Don’t Forget the Songs-365: Mach Tres: Day 017
Sat, Feb 2nd, 2013
“The Sandman, The Brakeman, and Me [feat. M.Ward]”
Monsters of Folk
will be/ will
and me ♫”
Monsters of Folk are a postmodern Traveling Wilburys’ take on the heavy metal Monsters of Rock tours of yesteryear. Instead of just playing shows, high profile Indie rock members Conor Oberst, My Morning Jacket’s Jim James, Portland singer/songwriter M. Ward and Bright Eyes co-member and producer Mike Mogis decided to record an album in honor of their rare and fruitful musical alliance.
The breezy air and ocean filled nights of Malibu must have had some inspirational wonder on M.Ward. Most know Matt Ward from his critically acclaimed She and Him collaboration with actress and singer Zoey Deschanel. What makes Ward unique his is fluid more tenor and tender Tom Waits like vocal. He sounds rough yet dreamy. One of his best songs is the timeless lullaby “The Sandman, The Brakeman, and Me.” Ward’s “Sandman” sounds like a perfect melding of Jimi Hendrix’s “Hear my Train A Comin’” and John Lennon’s “Watching The Wheels.” Ward takes Hendrix’s train imagery with Lennon’s laid back dream like vocal.
Ward talked about the inspiration for “Sandman” when he told Under The Radar magazine, “I think a million different things inspired it, but if I had to say one thing, I would say [it was] the beauty of those metaphors. I’ve always loved the idea of letting off some steam. I think it’s a beautiful image, and the idea of the sandman is, as well. I’m inspired by those sort of ancient ideas. Letting your wheels go is a helpful way of looking at the imagination.”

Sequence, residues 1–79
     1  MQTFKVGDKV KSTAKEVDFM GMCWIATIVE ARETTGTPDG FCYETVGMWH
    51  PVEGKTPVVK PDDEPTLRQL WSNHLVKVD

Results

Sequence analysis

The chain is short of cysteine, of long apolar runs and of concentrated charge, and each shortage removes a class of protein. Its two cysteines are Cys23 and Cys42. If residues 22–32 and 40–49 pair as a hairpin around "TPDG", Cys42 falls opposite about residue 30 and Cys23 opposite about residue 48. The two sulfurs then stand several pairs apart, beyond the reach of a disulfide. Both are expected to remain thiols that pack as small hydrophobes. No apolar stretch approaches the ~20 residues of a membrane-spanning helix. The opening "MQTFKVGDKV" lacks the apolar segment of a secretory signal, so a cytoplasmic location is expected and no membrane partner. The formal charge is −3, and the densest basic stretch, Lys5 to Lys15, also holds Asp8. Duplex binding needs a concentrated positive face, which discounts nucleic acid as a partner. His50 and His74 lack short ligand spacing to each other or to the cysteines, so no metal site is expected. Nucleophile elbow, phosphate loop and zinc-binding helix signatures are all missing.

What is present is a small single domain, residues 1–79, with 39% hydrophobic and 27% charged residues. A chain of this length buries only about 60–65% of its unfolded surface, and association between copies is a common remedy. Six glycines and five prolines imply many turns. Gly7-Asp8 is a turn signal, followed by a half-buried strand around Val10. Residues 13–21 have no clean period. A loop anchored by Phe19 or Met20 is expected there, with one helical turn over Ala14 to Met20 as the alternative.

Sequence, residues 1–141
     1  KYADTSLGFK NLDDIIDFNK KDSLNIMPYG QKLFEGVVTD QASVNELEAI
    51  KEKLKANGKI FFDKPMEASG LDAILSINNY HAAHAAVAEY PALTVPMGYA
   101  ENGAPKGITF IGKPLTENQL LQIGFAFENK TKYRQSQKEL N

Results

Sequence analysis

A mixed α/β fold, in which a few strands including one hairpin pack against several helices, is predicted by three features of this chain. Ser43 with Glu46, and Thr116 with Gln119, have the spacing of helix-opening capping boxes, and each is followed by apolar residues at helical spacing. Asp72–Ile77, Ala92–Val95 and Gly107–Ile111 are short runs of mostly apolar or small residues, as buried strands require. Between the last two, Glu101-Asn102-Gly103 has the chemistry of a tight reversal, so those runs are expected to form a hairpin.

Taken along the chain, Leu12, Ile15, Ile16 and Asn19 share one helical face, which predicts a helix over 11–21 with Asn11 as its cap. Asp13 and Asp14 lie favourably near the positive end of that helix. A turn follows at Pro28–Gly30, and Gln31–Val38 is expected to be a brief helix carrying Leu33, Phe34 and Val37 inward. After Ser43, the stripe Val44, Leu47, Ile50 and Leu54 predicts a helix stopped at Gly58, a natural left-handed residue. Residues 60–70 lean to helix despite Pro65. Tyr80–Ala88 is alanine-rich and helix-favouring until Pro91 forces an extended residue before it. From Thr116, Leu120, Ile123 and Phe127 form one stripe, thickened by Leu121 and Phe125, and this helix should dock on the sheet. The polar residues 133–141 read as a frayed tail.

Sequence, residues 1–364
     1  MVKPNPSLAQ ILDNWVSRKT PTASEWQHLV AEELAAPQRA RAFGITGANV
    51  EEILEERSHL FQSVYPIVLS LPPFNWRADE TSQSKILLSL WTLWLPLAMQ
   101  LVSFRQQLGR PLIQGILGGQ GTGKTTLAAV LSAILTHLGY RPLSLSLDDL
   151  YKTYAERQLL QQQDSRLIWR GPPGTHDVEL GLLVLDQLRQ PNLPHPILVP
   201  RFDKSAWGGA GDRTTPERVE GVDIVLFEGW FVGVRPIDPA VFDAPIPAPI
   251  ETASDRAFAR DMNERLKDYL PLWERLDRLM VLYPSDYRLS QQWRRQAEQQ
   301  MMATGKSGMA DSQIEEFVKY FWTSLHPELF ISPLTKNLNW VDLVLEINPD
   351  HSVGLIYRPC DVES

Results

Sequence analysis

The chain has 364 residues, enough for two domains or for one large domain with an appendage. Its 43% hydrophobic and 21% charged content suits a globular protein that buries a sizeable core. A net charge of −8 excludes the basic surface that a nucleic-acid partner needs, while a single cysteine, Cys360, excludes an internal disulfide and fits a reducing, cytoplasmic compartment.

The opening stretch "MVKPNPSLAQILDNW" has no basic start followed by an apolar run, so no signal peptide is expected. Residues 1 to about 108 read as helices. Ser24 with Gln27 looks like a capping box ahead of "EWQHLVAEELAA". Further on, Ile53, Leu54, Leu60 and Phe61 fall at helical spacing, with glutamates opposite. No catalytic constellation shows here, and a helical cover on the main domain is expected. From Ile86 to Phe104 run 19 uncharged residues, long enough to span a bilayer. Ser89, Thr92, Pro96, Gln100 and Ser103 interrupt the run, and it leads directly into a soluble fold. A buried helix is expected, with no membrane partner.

Matt’s Monsters of Folk band mates, themselves are very fond with M.Ward’s “Sandman” as they explained in this interview exchange from American Songwriter magazine.
Conor Oberst: “I personally have a great love for the song “The Sandman, The Brakeman, and Me.” I really enjoy that one. Matt’s music has always had a special quality for me. It’s kind of like an audio Xanax. If I ever feel anxiety or something, and I’m like in an airport, or some place I don’t want to be…”
Jim James: “Mmm hmm…”
CO: “I can put on, like, an M. record and I’m instantly calmer. And that song has that, that’s like a really beautiful tranquilizer shot. It makes me feel instantly as I’m in like, a wonderful dream.”
Mike Mogis: “That was one of the ones that M. brought in a one-track demo of the song, and we were like, “How can we beat that?””
CO: “Yeah, it’s one of the ones where we used an element of the demo in the actual song, because the demo was so sweet.”
Not only was Conor a huge fan of M.Ward’s “Sandman,” Oberst himself learned some pointers from his infamous friend from Portlandia as he explained, “I feel like I picked up a few of their secrets, the reason that M. Ward records sound amazing to me. Matt is completely right. You need to take a lot of the instruments out right here to have more space. Wow. That’s why M. Ward records sound so peaceful and chill, because he lets things breathe.’ I want to apply that to my music in the future.”
If you want to experience a peacefully chill and timeless lullaby, discover this lovely penultimate song on the Monsters of Folk debut album, M.Ward’s tender ruggedness will take you there; close your eyes, feel the waves flow and while dreaming “♫ whatever will be, will be ♫,” with “The Sandman, The Brakeman, and Me.”